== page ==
Lawyer Joshua Kendrick, appointed to represent Degraffenreid, said he is meeting with Degraffenreid Tuesday at the Gilliam correctional facility in Columbia where Degraffenreid remains housed after being paroled Nov. 29. Release is pending and could come within days, Kendrick said.
Degraffenreid and James Robert McClurkin were paroled in late 2016 for the 1973 killing of Claude Killian of Chester, after police said the men are innocent. McClurkin was freed from prison in November, but Degraffenreid, 61, awaits release into a care center due to mental health concerns incurred over his almost 40 years of incarceration.
“We want to get him released,” Kendrick said. “That’s first. To get him out.”
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After that, Kendrick said, will be more investigation into why Degraffenreid was in prison since his 1977 conviction. For decades, Degraffenreid and McCurkin claimed innocence. .
Melvin “Smokey” Harris, a convicted killer who died in prison in 2015, confessed to killing Killian.
But until 2016 nobody believed the men. They each were denied parole 15 times. The difference in 2016 came when Chester County Sheriff Alex Underwood told the South Carolina parole board that his office had re-opened the case and found Degraffenreid and McCurkin are innocent, had alibis, and there were other problems with the original case.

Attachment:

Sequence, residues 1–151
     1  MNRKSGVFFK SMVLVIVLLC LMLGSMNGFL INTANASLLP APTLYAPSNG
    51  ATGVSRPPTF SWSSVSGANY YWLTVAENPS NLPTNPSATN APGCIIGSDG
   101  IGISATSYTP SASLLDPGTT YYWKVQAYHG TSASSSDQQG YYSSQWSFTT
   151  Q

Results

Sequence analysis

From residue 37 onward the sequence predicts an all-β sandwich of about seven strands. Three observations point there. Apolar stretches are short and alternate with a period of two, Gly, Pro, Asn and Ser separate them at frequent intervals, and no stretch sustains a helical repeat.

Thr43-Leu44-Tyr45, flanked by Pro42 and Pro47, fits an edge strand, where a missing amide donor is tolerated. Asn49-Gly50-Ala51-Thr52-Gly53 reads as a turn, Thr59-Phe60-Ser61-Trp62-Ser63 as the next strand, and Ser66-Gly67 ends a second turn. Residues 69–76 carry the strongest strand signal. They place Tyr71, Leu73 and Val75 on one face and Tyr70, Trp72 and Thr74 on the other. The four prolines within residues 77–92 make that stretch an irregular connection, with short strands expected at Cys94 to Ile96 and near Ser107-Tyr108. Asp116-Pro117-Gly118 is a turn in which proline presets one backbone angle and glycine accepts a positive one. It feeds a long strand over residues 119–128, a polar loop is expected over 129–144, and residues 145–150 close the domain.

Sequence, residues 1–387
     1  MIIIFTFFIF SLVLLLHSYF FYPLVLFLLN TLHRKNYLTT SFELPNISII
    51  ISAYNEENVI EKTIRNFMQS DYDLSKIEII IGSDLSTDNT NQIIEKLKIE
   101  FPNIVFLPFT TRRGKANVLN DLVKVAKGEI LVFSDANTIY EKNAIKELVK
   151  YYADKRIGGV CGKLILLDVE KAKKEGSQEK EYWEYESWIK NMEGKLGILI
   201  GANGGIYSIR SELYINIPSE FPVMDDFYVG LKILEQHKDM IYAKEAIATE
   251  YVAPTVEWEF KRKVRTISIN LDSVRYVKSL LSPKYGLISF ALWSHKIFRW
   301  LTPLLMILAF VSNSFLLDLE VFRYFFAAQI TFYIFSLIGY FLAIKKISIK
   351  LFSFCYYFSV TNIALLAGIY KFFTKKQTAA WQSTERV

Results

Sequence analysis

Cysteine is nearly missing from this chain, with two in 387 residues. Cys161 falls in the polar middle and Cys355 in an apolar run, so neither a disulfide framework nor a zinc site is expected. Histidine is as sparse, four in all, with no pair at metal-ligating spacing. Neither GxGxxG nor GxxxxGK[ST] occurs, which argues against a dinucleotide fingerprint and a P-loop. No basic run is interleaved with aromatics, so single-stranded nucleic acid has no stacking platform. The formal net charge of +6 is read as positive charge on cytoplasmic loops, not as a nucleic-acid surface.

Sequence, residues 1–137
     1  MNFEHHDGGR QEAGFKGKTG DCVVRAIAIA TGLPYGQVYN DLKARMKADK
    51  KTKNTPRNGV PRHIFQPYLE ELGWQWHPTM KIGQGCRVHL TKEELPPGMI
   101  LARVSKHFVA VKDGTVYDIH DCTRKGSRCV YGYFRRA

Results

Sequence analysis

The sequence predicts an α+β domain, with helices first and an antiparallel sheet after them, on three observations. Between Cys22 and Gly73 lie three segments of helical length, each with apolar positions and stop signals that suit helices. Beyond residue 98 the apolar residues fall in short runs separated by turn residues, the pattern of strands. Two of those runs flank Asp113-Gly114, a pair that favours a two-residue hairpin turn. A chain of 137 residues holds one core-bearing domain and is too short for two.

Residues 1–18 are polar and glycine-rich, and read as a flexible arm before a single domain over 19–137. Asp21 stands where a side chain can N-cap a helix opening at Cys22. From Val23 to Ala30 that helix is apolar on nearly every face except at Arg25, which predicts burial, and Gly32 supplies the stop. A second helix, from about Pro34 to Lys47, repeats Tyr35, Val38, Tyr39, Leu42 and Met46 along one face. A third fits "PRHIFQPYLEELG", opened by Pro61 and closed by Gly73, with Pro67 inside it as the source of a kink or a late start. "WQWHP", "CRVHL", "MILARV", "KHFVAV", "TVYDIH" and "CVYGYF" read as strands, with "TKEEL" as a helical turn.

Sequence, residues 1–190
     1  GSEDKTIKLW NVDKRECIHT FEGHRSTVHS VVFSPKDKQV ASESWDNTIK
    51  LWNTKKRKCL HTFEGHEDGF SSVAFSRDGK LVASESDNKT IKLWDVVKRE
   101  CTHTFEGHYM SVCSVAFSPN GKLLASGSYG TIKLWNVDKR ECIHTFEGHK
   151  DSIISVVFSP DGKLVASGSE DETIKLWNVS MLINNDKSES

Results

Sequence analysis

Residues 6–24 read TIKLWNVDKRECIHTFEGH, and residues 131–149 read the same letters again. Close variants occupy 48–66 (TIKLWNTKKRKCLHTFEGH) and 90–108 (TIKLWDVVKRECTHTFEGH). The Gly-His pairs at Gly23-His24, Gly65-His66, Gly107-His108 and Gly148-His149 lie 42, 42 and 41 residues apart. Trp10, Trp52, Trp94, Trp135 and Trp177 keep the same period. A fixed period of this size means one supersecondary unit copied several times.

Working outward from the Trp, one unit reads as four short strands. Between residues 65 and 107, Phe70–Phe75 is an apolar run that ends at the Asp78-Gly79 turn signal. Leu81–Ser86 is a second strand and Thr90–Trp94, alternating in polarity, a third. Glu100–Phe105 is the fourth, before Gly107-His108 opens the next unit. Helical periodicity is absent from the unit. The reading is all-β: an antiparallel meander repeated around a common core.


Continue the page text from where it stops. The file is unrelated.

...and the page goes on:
A judge in Chester, told by prosecutors of the potential new evidence, appointed each man a new lawyer in June of 2016 and the parole board granted release to both.
McClurkin, also 61, told the Herald in an exclusive interview when he was released from prison Nov. 17 that he is committed to having his name cleared.
The Herald found court documents in October that show that Harris, who testified against both men, was also charged with Killian’s murder but never prosecuted.
Any potential hearings for a potential wrongful imprisonment hearing for McClurkin and Degraffenried that could potentially vacate the convictions and exonerate the men have not been scheduled. Kendrick reiterated Monday that Degraffenreid is innocent of the 1973 crime and his efforts will not cease to find justice.
“His parole was the first step among many,” Kendrick said.